Israel successfully completed testing of its Iron Dome missile defense system and plans to have it in operation by November, the Defense Ministry said.
“This is an important milestone for the security establishment and the defense industry,” Defense Minister Ehud Barak said in a statement today.
Israel declared the test stage complete after the short- to medium-range system shot down a large number of incoming projectiles simultaneously, according to the Defense Ministry statement. The country developed the system over two years.
President Barack Obama, as part of the U.S. promise to guarantee Israel’s security, this year pledged $205 million for the deployment of Iron Dome, which is intended to defend Israel against rocket fire from the Hamas-controlled Gaza Strip and Lebanon. The pledge went beyond the annual $3 billion the U.S. provides Israel in military assistance.
Hezbollah, a Lebanese Shiite Muslim militia, fired rockets from southern Lebanon during a 33-day war with Israel in 2006. About 1,200 Lebanese and 159 Israelis were killed in the fighting, which also displaced almost 1 million people.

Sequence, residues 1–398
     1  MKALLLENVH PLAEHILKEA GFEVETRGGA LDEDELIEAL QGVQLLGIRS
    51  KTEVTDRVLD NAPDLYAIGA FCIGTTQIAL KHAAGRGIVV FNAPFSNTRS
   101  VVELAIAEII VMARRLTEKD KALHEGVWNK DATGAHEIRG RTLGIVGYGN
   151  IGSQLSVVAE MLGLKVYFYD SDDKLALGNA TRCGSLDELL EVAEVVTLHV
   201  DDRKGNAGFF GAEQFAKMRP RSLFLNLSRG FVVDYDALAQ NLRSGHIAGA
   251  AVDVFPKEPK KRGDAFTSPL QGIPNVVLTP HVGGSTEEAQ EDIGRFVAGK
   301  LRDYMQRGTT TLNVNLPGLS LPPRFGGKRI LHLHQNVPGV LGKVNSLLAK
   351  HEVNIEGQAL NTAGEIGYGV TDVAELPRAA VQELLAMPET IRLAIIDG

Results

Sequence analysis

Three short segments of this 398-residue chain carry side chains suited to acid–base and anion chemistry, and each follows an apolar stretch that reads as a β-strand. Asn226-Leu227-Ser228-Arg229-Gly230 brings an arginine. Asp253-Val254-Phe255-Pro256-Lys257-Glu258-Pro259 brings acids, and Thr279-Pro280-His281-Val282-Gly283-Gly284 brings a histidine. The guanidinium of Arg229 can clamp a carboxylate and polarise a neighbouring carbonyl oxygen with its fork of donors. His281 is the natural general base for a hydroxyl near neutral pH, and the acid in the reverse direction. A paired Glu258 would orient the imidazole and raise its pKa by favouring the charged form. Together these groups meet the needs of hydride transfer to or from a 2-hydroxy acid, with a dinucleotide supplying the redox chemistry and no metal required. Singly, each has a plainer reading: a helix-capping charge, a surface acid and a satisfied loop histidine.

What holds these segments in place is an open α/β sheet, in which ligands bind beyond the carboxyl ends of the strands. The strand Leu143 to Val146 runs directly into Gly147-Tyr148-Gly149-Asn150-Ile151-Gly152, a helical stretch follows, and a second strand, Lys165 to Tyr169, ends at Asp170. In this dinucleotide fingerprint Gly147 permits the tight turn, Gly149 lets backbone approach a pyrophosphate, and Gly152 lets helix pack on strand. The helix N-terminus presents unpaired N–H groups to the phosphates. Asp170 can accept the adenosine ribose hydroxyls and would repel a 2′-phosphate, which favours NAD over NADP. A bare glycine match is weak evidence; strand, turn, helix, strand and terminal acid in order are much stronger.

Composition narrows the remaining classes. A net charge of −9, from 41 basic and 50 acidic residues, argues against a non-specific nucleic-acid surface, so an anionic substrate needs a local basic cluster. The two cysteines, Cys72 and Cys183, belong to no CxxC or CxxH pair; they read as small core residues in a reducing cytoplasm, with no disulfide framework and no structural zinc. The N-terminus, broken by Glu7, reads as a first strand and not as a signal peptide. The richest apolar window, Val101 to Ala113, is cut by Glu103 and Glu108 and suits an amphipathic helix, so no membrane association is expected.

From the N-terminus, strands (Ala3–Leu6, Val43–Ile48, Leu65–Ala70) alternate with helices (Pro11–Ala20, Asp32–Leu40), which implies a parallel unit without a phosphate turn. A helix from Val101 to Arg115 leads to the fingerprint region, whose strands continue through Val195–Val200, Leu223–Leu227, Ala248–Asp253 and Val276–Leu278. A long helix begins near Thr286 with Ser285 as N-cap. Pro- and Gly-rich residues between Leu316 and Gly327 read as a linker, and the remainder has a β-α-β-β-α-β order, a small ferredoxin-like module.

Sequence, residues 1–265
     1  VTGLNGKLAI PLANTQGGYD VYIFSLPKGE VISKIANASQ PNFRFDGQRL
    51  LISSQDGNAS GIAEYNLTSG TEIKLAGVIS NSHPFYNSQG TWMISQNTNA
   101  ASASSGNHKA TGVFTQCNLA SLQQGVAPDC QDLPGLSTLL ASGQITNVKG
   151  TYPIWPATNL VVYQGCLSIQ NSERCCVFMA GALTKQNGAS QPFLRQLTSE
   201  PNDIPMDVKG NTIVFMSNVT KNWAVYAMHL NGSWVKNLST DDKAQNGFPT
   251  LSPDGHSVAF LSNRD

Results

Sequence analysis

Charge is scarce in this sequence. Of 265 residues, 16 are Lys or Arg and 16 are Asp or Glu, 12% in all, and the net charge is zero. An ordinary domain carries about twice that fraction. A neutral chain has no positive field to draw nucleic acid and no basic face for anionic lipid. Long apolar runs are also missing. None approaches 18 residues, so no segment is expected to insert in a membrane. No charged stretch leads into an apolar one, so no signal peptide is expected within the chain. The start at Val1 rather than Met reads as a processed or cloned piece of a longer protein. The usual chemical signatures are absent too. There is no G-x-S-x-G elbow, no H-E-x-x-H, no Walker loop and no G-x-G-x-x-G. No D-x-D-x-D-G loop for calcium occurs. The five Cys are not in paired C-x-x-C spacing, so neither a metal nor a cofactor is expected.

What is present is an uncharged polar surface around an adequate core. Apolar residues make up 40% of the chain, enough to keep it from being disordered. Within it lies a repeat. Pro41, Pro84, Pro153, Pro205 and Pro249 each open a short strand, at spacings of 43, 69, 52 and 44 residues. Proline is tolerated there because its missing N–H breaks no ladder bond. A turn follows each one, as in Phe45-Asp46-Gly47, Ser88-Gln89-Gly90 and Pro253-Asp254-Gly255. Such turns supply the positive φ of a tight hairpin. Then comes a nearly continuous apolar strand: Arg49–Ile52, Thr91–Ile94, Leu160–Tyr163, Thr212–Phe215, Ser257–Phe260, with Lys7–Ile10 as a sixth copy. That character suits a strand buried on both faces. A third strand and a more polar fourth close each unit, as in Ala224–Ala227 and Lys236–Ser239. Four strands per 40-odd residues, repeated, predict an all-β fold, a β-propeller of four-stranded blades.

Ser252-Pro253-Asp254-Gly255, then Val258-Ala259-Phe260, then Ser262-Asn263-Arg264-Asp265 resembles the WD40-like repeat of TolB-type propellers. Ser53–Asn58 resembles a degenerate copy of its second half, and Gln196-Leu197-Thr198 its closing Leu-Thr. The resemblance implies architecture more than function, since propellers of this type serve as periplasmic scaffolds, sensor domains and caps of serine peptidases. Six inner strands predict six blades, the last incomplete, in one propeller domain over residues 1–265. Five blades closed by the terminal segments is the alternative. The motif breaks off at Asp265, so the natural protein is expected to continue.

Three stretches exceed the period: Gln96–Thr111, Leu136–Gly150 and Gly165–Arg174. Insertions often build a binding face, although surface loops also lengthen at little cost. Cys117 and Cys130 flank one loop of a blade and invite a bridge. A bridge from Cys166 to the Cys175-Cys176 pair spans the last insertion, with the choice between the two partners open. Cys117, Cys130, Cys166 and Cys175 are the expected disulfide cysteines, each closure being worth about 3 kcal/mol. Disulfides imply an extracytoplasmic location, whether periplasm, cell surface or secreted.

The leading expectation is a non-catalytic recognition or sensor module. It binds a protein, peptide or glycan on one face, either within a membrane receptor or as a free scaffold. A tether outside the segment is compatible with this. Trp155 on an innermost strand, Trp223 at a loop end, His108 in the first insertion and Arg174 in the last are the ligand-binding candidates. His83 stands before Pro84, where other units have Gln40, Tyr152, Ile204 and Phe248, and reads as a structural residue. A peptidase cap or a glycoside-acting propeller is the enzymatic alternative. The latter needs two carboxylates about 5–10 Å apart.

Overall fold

Israel began a three-week military offensive in Gaza in December 2008 that it said was meant to stop the firing of rockets by Hamas and other Palestinian militants into its territory. More than 1,000 Palestinians and 13 Israelis were killed in the conflict.
More than 400 rockets and mortars have been fired from Gaza into Israel since the end of the war, killing a foreign worker, the Israeli army said. Israeli bombing and ground operations during the offensive destroyed more than 3,000 homes, and Israel’s restrictions on construction materials have prevented Palestinians from being able to rebuild, the United Nations said.